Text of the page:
B. Information About The ADA Education Recognition Program (ERP)
- All entities that provide diabetes self-management education and support (DSMES) that are operating under the current National Standards for DSMES are eligible to apply for ADA Recognition of the DSMES Program.
- The online new DSMES program application requires an individual to contact the ADA ERP department to be set up in the application portal. Application supporting documents (which are outlined in the online application) must be either uploaded into the application portal or faxed, emailed or sent via postal mail to the ADA ERP department prior to the application being placed in the application review queue. The supporting document submission options and instructions are listed within the online application.
- The application is reviewed by an ERP team member and the applicant is notified via the application portal of the application approval for a 4-year recognition period. The applicant will also be notified via the portal if the application is not approved and provided guidance of documentation reflecting specific recognition elements required for the application approval.
- ADA recognized DSMES programs and their locations can be searched via zip code at: https://professional.diabetes.org/erp_list_zip.
- The ADA performs a random site visit audit of less than 5 percent of all recognized programs each year.
- The entity is notified 10 working days prior to the onsite audit and there are no unannounced site visits. The entity is provided with the Audit Preparation Toolkit to guide the DSMES quality coordinator in audit preparation and documentation required reflecting adherence the DSMES standards. The Audit Preparation Toolkit can be viewed at: https://professional.diabetes.org/sites/professional.diabetes.org/files/media/erp-audit-toolkit-9-2016.pdf.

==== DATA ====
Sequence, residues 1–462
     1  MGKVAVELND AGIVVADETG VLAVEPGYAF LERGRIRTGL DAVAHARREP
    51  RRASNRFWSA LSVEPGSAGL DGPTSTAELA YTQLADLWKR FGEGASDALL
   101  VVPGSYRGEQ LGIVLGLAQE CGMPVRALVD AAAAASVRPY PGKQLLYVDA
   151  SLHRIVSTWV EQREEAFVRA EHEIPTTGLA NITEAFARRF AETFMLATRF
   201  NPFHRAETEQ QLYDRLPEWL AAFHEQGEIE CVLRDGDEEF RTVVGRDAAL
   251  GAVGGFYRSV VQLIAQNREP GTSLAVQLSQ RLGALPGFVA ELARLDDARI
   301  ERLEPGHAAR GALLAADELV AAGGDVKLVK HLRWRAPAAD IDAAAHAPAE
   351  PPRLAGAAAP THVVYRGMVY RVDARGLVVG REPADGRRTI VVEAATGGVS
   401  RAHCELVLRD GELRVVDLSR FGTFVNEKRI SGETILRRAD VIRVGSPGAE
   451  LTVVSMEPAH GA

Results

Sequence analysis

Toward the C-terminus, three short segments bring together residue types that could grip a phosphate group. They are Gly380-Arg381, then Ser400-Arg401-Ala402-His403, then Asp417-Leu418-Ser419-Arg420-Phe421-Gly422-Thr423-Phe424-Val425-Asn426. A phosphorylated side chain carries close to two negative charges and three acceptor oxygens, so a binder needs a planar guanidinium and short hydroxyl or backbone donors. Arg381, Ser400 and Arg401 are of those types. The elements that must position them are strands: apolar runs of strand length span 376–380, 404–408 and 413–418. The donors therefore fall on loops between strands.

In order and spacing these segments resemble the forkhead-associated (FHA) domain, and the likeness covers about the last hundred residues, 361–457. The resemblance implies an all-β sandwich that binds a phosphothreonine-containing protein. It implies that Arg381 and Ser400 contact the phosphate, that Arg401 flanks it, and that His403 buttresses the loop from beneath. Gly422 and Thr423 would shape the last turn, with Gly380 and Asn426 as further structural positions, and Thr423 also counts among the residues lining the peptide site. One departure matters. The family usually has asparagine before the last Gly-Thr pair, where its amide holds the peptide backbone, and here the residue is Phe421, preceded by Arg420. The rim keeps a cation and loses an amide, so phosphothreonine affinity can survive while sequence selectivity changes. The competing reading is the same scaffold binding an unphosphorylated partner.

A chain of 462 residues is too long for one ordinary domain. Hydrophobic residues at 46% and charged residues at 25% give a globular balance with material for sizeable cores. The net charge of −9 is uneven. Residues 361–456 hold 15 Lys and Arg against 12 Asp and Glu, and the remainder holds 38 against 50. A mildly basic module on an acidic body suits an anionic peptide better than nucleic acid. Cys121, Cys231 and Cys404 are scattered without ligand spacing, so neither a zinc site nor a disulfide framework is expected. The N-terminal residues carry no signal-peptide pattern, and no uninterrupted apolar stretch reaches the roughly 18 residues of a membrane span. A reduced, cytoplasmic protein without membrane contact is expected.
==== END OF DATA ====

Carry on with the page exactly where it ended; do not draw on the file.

- There are 1,614 DSMES programs currently recognized by the ADA as well as an additional 2,119 sites associated with these 1,614 programs. ADA considers these as 3,733 active DSMES program locations. (Statistics from November 2017).
C. Information About the AADE
- The AADE has a one-level accreditation program. Applications are accepted by any Diabetes Self-Management Training (DSMT) entity who meet the National Standards for Diabetes Self-Management Education and Support (NSDSMES).
- The AADE’s website for completing an application is www.diabeteseducator.org/practice/diabetes-education-accreditation-program-(deap)/applying-for-accreditation